The European Central Bank is concerned about the risk of systemic problems if efforts to reform Euribor, one of the bank-to-bank lending benchmarks caught up in a global rate-rigging scandal, get torpedoed.
Authorities around the world are overhauling money market rates to prevent manipulation happening again.
But their widespread use in financial contracts from mortgages to derivatives is making the switch to alternatives a slow process.
Time is now getting tight, especially in Europe, where the European Commission wants either completely new, or revamped rig-proof versions of Euribor and ‘overnight’ EONIA rates in place by the start of 2020.
“We are dealing with a problem where we have a regulation that will kick in in 2020, which is less than 18 months away,” said ECB deputy director general of market operations, Cornelia Holthausen.
“So I really think we have to hope for the best for Euribor reform, so that we don’t have a systemic problem in January 2020.”
The eurozone faces an added challenge compared with the United States or Britain as it is also facing a 2020 deadline for overhauling the single currency area’s overnight rate EONIA, which regulators say must be scrapped.
The aim of the twin-track reform is to prevent the €131tn ($153.2tn) of derivatives and €5.3tn of loans that it is estimated will still reference them in 2020 from being thrown into chaos.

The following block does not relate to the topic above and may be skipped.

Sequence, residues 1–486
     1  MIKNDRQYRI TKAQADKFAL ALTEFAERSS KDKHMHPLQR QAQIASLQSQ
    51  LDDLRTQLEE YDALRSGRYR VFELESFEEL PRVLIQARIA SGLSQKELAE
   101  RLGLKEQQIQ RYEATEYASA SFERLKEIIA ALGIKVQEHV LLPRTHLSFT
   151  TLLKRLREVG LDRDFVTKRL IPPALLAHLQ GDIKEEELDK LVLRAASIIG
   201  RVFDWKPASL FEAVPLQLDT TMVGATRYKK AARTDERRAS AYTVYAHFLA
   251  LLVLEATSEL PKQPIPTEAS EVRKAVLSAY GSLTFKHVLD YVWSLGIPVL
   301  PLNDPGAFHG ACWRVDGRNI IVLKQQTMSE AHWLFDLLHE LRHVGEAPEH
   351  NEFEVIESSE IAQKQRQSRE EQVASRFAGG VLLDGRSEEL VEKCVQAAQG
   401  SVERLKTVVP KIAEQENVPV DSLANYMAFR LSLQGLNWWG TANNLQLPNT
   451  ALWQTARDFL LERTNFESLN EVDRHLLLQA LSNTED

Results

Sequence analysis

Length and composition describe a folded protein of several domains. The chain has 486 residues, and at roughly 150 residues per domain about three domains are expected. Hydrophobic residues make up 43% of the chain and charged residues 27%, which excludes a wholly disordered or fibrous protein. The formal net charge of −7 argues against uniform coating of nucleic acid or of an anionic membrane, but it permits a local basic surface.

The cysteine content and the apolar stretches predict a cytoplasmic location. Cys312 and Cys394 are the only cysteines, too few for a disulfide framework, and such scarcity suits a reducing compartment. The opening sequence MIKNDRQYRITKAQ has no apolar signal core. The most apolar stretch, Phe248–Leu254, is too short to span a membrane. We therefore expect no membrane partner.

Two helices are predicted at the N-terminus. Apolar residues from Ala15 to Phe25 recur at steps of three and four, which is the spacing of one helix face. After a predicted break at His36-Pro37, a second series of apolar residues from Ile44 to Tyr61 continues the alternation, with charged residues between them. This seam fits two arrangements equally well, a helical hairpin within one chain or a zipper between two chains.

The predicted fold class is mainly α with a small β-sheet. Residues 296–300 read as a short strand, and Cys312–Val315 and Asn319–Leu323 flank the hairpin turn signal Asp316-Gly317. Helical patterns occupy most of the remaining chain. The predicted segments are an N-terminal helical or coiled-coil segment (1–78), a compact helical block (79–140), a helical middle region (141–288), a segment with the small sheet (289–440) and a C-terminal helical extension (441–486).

The ECB has been forced to come up with its own alternative to EONIA called ESTER, one of three options that a market-based committee will choose.
ESTER would not be ready for use until late 2019, just months before EONIA is killed off, though the market is still hoping for a temporary stay of execution. “I do feel that many banks are pretty complacent and they think the public sector will solve the issue for them,” the ECB’s Holthausen said.
Finding a replacement for Euribor, which covers the longer 1-week to one-year part of the interbank lending market, looks even more problematic given the fewer number of transactions.
Euribor’s administrator, the Brussels-based European Money Markets Institute (EMMI), is testing the use of actual trades rather than the current banker-estimate based system that made such benchmarks vulnerable to being rigged.
There is a hybrid option too where mathematical calculations are used to bolster the sample, but the risk is that the Belgian national regulator which oversees EMMI, judges that it is still to easy to tamper with to win approval for use going forward.
And even if it does get authorised, banks may be too worried about potential future litigation to keep submitting data for compiling Euribor. Although Britain is undergoing a simpler switch by replacing sterling-denominated Libor with the Bank of England’s overnight rate SONIA, change is still too slow for British regulators.
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